- What’s ‘medieval’ about stoning people to death? (blogs.telegraph.co.uk)
- Get Medieval with New Series from EA’s Award-Winning the Sims Studio (eon.businesswire.com)
- Medieval legal history panel at the Kalamazoo medieval conference (volokh.com)
- Archaeologists say Hartlington Stones in Yorkshire Dales were Medieval furnaces (marklord.info)
- Sheep to Sheet (of Parchment) (finebooksmagazine.com)
Add more, report errors or voice your opinion by posting a comment
Churchmen-scholars in the Middle Ages who engaged in elaborate theological issues and debates.
Although the scholastics never asked “how many angels can stand on the head of a pin,” this question is often used to lampoon the usefulness of their thought.
The influential scholastic St. Thomas Aquinas adapted into a Christian framework arguments from the Greek, pre-Christian Aristotle, whose works were translated from Greek to Latin by Arab scholars.
After a some kind of direct encounter with God near the close of his life, Aquinas apparently said that his voluminous writings were like a “house of straw.” Nevertheless, his arguments, many of which seem to be constructed in ancient and medieval modes of understanding, are often cited to illustrate Catholic teachings.
Arguably the abstract intellectualism and intense quibbling of the scholastics lost sight of Christian teaching, which in essence is quite simple–i.e. love God and one another. And for one person to believe he can definitely speak about God, no matter how cleverly, may also be viewed as a bit arrogant.
» Anselm (St.), William of Ockham, Henry of Ghent
Add more, report errors or voice your opinion by commenting
1) In theology this is the idea that everyone will be saved in the fullness of time.
Recent versions of this theology exclude for need for Jesus and argue that all persons will be saved in all religions, paths and life-situations.
2) In philosophy universals are ideals like Plato‘s forms.
It’s often debated as to whether universals exist in themselves or merely as a product of language (i.e. conceptualism). » Origen, William of Ockham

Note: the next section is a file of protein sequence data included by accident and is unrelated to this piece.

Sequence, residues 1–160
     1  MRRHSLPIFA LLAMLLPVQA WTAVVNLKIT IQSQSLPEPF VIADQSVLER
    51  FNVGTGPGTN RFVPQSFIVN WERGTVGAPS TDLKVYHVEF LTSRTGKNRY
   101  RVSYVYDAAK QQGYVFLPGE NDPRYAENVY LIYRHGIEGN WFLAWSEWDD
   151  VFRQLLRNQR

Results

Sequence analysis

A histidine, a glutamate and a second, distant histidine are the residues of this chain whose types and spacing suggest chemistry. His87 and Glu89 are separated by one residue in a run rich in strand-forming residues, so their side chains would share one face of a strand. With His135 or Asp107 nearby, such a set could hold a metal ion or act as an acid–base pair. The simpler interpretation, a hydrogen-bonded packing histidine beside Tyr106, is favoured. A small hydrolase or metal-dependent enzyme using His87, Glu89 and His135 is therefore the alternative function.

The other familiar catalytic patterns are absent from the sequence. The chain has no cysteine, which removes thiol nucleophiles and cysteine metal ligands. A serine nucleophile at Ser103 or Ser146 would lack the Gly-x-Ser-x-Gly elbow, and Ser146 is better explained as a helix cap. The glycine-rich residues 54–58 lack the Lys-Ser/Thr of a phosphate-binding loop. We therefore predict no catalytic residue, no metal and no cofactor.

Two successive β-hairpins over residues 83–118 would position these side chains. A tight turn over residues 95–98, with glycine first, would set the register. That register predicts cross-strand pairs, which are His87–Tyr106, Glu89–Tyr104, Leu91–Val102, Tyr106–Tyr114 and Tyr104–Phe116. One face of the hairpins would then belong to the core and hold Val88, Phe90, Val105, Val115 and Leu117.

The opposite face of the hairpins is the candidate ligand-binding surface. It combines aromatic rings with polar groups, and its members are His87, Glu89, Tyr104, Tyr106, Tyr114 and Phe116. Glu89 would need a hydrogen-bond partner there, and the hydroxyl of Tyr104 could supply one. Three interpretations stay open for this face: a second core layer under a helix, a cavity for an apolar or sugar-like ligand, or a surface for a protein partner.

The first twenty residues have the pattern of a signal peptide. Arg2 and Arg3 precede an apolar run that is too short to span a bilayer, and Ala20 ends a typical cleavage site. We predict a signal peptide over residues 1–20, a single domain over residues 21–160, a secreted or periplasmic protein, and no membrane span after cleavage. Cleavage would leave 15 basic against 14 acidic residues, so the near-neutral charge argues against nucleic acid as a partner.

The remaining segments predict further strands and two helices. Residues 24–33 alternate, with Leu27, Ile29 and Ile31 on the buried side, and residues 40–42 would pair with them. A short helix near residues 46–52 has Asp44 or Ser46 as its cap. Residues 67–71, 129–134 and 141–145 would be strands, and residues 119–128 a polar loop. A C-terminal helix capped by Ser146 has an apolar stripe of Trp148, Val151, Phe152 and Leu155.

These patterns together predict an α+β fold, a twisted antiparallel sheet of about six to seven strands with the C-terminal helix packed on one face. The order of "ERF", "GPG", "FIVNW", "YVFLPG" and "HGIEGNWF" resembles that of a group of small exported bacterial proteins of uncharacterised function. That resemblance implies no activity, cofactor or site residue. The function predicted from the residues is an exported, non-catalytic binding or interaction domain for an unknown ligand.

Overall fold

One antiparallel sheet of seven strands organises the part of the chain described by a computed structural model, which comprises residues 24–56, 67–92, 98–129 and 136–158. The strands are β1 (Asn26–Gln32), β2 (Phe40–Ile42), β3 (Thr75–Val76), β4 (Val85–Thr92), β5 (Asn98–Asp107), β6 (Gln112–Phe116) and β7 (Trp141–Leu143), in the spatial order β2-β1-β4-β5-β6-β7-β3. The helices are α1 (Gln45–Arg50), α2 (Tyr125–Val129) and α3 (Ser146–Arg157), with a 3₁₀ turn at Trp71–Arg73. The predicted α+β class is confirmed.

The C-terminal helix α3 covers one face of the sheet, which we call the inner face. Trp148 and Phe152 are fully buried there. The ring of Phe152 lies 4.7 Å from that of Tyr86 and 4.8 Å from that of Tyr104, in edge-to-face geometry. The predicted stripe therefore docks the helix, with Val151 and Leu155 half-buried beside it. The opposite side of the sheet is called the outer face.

Add to this, report errors, suggest edits or voice your opinion by posting a comment
Universals » Plato, Universalism, William of Ockham
Add to this, report errors, suggest edits or voice your opinion by posting a comment
Nominalism is a philosophical position developed in the Middle Ages. The intricate debates and resulting variations of this idea can get quite complicated.¹ So for instructional purposes nominalism is usually boiled down to two main forms.
One form of nominalism rejects the existence of abstract concepts.
Another form of nominalism contends that eternal, universal essences of things (e.g. cat, boat, diamond) are not real in themselves but merely concepts devised by human beings.
This second type of nominalism arose in response to one form of realism in which universal essences are taken as more real than any individual temporal manifestation.
In rejecting realism, William of Occam (circa 1288-1348) maintained that only individuals exist, and universal substances are only constructions from vocal sounds.
While this might seem an esoteric and irrelevant point at first, it’s important to realize that the claims of some contemporary skeptics and poststructuralists are quite similar to Occam’s, even though some say that poststructuralism and, more generally, postmodernism represent entirely new developments in the history of ideas.
Poststructuralists do, however, emphasize the role of social power in defining allegedly universal truths. Poststructuralists also examine the role of social power in creating, reproducing and legitimizing stereotypes.
But even this isn’t a particularly new development. For centuries writers and poets have done much the same—that is, they’ve deconstructed taken-for-granted truth claims, be these supposedly “eternal” or “natural” truths.
¹ Probably the best secondary source covering these complexities is Frederick Copleston’s A History of Philosophy, Volumes 2-3.
On the Web:
Search Think Free » Deviance, Idealism, Linguistics, Normal, Occam’s Razor, Skepticism
Add to this, report errors, suggest edits or voice your opinion by leaving a comment